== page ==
Jul 2nd 2019

Specifying Acoustics: Sorting Through NRC Ratings Noise

Author:

John Stein

For architects and interior designers, understanding how to sort through the wildly varying NRC ratings and claims is imperative to identify the quality and value of acoustics. With increased awareness of how beneficial acoustics are for architectural interiors, the more challenges designers face when it comes to specifying quality acoustics for their next project. Acoustic materials are complex in design, and it is advised to be aware of how the rating is presented when choosing your acoustic design elements. While comparing apples to apples with NRC ratings, data can vary from product to product and configuration to configuration.

By working within the acoustics industry, our Kirei team decided to put their research skills to the test to determine the different ways NRC can be presented to designers and how to apply this information to make good decisions.

But First, Let’s Cover the Basics

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NRC or Noise Reduction Coefficient is a measurement to determine the absorption properties of an object. We want to know exactly how well an object can absorb and reflect various soundwaves when it comes to the design of interior spaces, and implementing NRC is the ideal method in calculating the acoustic results.

NRC ratings vary on a scale of 0 to 1. A rating of 0 means that the object is completely reflective and absorbs no sound, such as a rock. On the other hand, a rating of 1 can tell you that the object is perfectly absorptive or in this case, absorbs all sound.

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With the scale ranging from rock to sponge, there is plenty of room in between for a variety of acoustic materials. This is where NRC ratings come into play, but keep your eye out and your ears open for how the rating is presented. Sometimes, the NRC can be presented in a misleading way.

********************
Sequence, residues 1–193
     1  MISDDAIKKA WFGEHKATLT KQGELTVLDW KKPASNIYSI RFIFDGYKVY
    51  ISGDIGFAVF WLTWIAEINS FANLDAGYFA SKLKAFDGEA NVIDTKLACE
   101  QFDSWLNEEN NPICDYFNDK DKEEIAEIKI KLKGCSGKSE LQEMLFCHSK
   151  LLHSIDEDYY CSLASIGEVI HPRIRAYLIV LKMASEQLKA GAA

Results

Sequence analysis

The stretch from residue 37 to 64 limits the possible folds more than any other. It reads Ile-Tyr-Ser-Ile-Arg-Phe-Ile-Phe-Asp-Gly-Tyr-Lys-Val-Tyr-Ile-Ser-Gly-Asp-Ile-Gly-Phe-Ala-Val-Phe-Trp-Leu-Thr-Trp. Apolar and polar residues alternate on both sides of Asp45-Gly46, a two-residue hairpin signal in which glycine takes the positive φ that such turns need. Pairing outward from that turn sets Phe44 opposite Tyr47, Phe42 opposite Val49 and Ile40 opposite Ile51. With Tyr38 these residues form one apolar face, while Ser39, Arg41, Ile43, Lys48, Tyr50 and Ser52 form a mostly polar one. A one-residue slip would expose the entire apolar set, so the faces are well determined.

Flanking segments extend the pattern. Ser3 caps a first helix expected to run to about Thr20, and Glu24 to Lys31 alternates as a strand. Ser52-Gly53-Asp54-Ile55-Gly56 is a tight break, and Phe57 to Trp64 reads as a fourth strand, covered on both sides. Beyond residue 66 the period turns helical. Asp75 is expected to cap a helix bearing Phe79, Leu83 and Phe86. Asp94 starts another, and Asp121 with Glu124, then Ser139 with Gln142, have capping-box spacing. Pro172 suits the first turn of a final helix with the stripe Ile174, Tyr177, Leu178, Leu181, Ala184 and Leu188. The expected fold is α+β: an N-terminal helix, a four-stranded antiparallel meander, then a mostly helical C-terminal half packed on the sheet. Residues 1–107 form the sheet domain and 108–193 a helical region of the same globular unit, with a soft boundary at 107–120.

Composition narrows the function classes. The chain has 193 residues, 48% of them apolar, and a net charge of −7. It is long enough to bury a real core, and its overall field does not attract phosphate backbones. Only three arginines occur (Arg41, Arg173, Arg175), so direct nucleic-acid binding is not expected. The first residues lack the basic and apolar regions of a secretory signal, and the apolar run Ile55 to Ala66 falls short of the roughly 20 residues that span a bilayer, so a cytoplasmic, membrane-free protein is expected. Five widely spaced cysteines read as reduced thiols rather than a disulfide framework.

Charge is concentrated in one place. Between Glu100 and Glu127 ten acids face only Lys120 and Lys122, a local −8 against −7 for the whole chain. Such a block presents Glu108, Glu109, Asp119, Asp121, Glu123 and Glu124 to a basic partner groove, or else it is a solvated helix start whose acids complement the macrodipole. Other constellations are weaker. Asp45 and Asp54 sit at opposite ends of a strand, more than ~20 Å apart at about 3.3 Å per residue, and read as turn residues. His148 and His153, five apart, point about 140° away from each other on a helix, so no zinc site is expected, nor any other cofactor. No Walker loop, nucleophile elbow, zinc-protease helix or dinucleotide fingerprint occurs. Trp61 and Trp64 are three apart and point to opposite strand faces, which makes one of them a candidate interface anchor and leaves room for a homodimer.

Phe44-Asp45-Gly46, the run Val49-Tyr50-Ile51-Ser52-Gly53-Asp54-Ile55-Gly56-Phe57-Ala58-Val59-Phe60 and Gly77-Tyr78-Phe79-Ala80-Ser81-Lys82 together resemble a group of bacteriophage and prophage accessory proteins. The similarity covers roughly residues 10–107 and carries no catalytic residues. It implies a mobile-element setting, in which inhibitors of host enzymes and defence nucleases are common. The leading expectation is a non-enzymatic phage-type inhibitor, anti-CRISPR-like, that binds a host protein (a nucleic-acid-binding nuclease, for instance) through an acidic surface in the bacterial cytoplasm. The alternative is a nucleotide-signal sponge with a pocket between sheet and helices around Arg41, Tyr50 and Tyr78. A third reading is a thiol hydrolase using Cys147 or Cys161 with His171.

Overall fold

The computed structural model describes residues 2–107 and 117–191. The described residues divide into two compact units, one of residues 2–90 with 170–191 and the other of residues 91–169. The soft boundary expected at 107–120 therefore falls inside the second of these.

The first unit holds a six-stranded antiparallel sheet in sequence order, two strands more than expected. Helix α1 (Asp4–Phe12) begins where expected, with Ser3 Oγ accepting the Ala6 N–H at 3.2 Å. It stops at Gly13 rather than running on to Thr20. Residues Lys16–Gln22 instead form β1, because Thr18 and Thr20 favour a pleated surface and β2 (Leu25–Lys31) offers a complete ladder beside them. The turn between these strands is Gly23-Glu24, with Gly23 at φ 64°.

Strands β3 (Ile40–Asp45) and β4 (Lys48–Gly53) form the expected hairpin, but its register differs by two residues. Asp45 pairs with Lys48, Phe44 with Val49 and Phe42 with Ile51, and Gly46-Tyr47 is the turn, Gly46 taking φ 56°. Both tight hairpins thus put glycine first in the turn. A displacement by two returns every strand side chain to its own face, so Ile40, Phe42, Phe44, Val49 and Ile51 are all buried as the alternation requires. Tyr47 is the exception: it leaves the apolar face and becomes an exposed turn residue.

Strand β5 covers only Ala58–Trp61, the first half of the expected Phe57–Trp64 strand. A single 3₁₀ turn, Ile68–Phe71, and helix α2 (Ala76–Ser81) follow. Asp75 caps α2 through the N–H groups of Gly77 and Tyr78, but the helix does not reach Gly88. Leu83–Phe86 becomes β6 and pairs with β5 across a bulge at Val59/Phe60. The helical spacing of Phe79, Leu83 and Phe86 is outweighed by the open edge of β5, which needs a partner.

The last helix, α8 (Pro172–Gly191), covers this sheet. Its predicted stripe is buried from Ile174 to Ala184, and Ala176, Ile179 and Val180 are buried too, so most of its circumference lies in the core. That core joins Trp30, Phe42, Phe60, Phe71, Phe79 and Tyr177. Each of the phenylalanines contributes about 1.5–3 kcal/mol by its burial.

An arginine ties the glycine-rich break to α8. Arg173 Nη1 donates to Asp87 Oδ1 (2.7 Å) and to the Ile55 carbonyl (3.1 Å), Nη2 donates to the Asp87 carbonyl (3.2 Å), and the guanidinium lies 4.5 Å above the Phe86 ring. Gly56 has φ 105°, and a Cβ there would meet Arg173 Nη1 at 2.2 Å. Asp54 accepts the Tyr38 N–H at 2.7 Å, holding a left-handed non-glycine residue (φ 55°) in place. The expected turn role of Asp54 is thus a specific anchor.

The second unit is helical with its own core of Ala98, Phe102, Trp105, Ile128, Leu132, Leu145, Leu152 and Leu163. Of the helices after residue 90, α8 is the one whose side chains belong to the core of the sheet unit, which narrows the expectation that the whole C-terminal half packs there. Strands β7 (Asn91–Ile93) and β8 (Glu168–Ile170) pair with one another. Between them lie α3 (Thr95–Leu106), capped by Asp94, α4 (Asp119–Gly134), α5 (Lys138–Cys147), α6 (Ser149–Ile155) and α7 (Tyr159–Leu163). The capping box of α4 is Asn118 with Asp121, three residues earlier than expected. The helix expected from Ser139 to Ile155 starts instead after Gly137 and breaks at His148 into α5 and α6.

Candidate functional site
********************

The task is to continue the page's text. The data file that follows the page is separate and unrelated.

The “Cherry Picking” Acoustics Trap

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Having a fluid rating system makes specifying acoustics a whole lot easier, no doubt. One problem that several designers run into is the matter of determining whether or not a product’s NRC rating is legitimate. With deceptive information spreading like wildfire, manufacturers are occasionally “cherry picking” the best scores based on misleading information.

To better understand how NRC is calculated, a product is tested for a total of 6 key wavelengths, and the average number of those tests determines the true NRC. However, it is becoming more and more common for manufacturers to select the better ratings from the test, rather than to just select the overall average.

Different Strokes for Different Folks

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A truthful NRC rating is also important in determining the product need based on what it will be used for. An elementary school gymnasium has acoustical issues that greatly differ from the noise that can be heard in a factory where heavy machinery is operated.